Noun Chains in the Gospels

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Hebraisms in the Synoptic Gospels are as ubiquitous as cats in Jerusalem.

Revised: 24-Aug-2012
Illustration by Helen Twena

Cats are a salient feature of Jerusalem’s scenery. Throughout the city, one can find them napping in gardens, reposing on lofty ledges, or slinking along the streets in search of their next meal. A pedestrian, walking past a trash bin, may be startled as several cats leap out. Likewise, Hebraisms in the synoptic gospels are as ubiquitous as cats in Jerusalem. While perusing the synoptic gospels, the informed reader may be startled, too, as Hebrew idioms leap out from both the Greek texts and their English translations.

Hebrew’s Limited Inventory of Adjectives

Compared to Greek and English, Hebrew has few adjectives. As noted in “Hendiadys in the Synoptic Gospels” (JP 52, pp. 14-15), one way Hebrew overcomes this scarcity of adjectives is by linking two nouns with the conjunction “and.” Grammarians call this usage “hendiadys,” two terms connected by “and” forming a unit in which one member is used to qualify the other.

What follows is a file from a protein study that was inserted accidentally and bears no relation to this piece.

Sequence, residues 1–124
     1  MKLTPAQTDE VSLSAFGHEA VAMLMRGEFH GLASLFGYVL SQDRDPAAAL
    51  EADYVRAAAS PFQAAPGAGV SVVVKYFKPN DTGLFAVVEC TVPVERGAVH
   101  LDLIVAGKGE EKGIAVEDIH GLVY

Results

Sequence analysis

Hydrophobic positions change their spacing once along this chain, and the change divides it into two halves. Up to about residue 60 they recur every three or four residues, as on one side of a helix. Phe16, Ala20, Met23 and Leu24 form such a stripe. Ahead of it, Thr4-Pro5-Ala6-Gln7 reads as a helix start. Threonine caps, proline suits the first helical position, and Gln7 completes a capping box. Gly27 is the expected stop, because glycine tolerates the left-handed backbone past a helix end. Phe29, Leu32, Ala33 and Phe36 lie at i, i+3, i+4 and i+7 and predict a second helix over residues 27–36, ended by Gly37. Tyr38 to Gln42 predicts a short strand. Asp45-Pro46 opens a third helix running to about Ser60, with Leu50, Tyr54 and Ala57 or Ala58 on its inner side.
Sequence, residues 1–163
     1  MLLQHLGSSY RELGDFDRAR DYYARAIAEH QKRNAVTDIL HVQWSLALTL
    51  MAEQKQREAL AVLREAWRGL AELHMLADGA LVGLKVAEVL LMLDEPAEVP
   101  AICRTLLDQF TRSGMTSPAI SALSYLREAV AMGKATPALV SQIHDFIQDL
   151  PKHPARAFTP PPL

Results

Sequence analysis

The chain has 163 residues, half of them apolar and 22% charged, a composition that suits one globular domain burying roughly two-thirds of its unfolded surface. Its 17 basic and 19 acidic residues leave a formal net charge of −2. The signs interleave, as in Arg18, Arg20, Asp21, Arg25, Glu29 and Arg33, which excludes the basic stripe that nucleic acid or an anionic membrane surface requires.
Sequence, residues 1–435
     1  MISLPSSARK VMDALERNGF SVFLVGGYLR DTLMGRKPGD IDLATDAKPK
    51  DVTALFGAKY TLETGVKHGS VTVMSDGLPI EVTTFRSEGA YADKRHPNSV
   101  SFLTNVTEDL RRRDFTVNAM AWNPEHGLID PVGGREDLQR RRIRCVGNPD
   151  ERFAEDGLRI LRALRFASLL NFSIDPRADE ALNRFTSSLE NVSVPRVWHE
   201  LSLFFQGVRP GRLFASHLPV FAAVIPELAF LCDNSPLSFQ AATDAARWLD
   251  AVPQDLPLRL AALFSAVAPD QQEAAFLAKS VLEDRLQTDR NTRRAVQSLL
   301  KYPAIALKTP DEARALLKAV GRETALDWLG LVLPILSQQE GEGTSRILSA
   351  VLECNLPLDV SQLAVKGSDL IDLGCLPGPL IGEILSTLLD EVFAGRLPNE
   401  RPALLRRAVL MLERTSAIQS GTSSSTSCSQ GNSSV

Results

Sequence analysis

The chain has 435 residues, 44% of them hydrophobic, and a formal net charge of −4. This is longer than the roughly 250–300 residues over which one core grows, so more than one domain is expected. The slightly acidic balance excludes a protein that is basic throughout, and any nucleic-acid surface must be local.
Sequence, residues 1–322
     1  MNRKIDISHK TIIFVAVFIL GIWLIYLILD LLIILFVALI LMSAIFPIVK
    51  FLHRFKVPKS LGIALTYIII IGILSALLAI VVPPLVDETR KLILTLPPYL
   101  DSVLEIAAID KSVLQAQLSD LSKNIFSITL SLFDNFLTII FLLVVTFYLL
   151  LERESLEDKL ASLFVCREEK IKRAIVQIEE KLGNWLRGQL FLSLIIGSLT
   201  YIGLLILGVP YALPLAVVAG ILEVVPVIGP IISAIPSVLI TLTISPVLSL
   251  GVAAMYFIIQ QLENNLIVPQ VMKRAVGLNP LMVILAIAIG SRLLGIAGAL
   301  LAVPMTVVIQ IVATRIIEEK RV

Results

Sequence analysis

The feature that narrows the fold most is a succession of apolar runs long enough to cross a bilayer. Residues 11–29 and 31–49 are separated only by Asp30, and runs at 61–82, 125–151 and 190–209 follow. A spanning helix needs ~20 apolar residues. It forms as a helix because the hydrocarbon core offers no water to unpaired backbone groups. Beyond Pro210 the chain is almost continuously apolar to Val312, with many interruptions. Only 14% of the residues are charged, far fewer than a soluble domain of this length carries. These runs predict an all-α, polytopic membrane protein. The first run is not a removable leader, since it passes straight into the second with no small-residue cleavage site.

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This article originally appeared in issue 55 of the Jerusalem Perspective magazine. Click on the image above to view a PDF of the original magazine article.

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  • David N. Bivin

    David N. Bivin

    David N. Bivin is founder and editor of Jerusalem Perspective. A native of Cleveland, Oklahoma, U.S.A., Bivin has lived in Israel since 1963, when he came to Jerusalem on a Rotary Foundation Fellowship to do postgraduate work at the Hebrew University. He studied at the Hebrew…
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